Carnival Thoughts

This year I didn’t spend as long as usual at the Notting Hill Carnival, arriving an hour or two later than usual as I was waiting for an gas engineer coming for an emergency service to our water heater on Sunday.  The weather forecast hadn’t been too good and it did seem a little less crowded than usual.

Sunday is Childrens’ Day at carnival, and is always a little less crowded, while the Bank Holiday itself can get too crowded to move around easily in many parts of the area. I find it rather easier to photograph on the Sunday, although the Monday is a better day for partying.

There did seem to be fewer elaborate costumes than previous years – perhaps the recession is hitting the carnival. Certainly many voluntary groups are expecting cuts in funding from local councils if these have not already happened.  But its always been the people that interested me more.

© 2010, Peter Marshall

We got a little light rain, which didn’t dampen the atmosphere much at all, but dark clouds made a pretty drastic cut in light levels making photography a little trickier. But then it really poured down for a few minutes and I took shelter, while trying still to photograph the few braver souls who were partying on in the street.

© 2010, Peter Marshall

Fortunately for them (though perhaps not for me, as I rather like the effect of the driving rain) although the shower was very heavy it didn’t last long.  I was working at ISO 1250 and although the D700 is pretty waterproof I needed to keep just under shelter in that kind of downpour, so had the Sigma 24-70 set at 70mm. 1/160 s was just fast enough to get a sharp image despite the moving subject and gave rather nice streaks on the image.

Later the sun came out and the lighting got very contrasty. So working on Ladbrooke Grove I perversely decided to work in the trickiest area I could find for light. Fortunately Lightroom is able to work wonders if you shoot RAW (as I always do.)

© 2010, Peter Marshall
Image after processing in Lightroom

Here’s an example, with some of the people in deep shade and others in sun. I’ve evened things out a little with some fill-flash (nominally at -1 stop with the SB-800)  and exposed  (probably more by luck than judgement) to avoid burning out the almost white houses in bright sun in the background.  Here is what the file looked like when first imported into Lightroom:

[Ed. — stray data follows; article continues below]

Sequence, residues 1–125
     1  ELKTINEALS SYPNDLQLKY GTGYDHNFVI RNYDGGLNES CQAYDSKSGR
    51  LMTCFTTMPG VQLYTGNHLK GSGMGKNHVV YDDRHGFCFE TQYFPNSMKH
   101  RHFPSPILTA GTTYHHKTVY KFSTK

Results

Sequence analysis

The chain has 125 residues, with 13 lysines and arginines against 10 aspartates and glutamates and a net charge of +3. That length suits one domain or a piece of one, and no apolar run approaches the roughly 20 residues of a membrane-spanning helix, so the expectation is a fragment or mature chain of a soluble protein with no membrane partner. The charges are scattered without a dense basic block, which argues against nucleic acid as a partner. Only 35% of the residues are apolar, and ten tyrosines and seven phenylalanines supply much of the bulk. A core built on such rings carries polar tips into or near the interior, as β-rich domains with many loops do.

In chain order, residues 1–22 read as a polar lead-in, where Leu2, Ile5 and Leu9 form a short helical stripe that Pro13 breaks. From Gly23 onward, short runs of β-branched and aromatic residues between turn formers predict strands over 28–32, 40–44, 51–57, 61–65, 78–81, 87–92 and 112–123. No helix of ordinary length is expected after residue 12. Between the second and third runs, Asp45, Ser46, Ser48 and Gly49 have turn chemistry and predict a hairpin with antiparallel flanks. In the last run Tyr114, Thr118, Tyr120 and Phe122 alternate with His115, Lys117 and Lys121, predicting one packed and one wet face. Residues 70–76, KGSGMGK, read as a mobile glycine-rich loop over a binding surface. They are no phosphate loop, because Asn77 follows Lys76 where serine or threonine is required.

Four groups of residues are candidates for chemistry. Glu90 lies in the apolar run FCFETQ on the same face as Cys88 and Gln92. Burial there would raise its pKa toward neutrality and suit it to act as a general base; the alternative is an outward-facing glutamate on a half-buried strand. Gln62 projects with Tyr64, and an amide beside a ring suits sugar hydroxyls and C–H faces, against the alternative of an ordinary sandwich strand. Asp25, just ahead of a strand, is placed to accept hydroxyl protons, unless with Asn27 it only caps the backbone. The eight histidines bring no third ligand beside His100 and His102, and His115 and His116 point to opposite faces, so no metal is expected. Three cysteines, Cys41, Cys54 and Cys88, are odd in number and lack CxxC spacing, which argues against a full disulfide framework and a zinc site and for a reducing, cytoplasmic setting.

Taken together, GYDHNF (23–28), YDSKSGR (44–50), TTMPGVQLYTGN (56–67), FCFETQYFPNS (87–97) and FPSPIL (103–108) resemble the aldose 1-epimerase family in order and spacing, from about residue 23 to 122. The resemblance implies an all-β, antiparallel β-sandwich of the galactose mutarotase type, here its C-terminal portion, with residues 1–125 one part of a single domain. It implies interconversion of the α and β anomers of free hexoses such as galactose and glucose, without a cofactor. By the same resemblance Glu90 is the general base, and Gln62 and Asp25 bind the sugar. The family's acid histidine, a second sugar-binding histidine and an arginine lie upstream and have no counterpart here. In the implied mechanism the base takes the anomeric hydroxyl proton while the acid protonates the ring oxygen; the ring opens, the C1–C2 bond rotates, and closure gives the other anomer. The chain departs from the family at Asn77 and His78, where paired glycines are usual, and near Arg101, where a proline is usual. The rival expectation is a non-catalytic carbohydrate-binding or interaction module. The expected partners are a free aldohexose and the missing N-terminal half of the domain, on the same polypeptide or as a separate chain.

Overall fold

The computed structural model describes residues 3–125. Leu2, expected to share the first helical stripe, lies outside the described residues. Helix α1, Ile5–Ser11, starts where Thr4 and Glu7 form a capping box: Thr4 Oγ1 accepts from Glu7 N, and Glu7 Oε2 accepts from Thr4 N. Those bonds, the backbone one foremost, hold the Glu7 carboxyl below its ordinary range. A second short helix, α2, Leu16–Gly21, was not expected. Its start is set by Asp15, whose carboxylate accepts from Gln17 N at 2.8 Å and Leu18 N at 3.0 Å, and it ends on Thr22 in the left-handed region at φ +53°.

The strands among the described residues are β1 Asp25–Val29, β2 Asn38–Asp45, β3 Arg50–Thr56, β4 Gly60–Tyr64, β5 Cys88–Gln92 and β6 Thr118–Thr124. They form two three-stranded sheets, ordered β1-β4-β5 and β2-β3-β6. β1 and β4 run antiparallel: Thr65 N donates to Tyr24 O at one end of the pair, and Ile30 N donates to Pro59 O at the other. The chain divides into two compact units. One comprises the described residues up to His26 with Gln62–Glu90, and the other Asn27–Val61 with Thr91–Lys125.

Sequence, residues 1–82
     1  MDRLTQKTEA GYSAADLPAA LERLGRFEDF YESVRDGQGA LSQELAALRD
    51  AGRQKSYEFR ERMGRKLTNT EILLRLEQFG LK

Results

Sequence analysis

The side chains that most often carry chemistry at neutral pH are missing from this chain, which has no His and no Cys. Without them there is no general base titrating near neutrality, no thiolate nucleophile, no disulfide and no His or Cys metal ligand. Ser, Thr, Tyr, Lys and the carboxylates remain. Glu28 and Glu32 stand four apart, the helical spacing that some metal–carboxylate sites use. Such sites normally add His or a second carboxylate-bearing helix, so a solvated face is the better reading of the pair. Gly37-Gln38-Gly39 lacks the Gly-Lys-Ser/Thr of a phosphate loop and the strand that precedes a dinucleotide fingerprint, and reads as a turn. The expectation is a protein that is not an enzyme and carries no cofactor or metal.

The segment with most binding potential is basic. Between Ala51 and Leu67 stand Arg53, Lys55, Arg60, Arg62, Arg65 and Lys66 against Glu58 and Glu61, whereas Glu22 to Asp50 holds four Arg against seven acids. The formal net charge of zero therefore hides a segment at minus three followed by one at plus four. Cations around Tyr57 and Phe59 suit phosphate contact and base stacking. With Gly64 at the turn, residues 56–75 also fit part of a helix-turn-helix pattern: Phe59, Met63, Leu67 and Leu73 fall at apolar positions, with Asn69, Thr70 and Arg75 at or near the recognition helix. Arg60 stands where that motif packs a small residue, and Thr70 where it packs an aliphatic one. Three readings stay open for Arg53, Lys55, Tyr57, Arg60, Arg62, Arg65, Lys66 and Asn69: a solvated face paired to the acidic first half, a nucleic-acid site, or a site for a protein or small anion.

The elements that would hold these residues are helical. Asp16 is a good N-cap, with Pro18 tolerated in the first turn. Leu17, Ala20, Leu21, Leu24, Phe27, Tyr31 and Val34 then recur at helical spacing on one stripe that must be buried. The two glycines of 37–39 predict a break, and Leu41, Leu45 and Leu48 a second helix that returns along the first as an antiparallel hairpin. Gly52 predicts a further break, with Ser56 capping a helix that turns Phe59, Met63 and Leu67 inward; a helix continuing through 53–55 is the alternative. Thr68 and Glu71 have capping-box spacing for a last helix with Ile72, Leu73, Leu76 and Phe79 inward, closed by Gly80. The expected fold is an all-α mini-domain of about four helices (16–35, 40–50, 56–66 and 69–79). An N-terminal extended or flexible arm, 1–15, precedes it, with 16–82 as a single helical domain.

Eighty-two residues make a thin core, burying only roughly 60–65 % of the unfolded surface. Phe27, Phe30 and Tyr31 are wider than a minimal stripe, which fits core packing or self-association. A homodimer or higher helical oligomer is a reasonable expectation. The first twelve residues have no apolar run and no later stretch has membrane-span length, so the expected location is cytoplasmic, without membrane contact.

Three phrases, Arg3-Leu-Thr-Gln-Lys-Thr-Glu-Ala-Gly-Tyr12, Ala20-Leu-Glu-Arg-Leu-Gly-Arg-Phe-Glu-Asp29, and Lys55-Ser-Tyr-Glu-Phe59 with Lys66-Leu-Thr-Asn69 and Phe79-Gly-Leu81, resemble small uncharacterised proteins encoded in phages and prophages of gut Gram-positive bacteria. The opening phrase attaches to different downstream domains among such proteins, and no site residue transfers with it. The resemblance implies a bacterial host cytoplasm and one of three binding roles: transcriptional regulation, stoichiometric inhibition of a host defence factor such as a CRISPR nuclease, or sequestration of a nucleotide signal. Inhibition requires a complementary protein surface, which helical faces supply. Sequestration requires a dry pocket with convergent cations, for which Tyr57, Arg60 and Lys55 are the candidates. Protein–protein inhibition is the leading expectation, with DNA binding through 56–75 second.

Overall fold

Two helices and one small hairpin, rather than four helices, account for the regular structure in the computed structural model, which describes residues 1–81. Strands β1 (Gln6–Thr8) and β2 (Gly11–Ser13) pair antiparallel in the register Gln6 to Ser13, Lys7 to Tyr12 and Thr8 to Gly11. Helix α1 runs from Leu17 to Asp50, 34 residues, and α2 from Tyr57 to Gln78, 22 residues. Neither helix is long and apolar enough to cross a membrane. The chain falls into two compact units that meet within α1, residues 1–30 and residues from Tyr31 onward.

© 2010, Peter Marshall
Raw file imported into Lightroom with my usual defaults

Back in the days of film and darkroom printing it would not have been possible to make these kind of changes.  Working with transparency, the starting point would have been completely burnt out in some areas – the situation hopeless. With colour neg there would have been similar highlight detail, possibly very slightly more, and with some fairly tricky burning I might have managed to bring out the blue sky and some of the building detail, but some of the more subtle changes would certainly have been impossible.

We do now have an incredible degree of control in the printing process, enabling us to change so much about an image with some precision. Back in the darkroom we could play around a little – as well as dodging and burning we could also try local warming of areas, swabbing them with concentrated developer or alkali, flashing and more, but they were all rather limited tricks and not exactly reproducible. Printing from the computer we can make precisely located and exact area adjustments of tonality, contrast, saturation, hue, sharpening etc.

Of course there may even be some people who prefer the effect of the original (as happened when I posted previously about how I’d improved a picture.  But it wasn’t the way I saw the scene and didn’t reflect what I was thinking when I took it.

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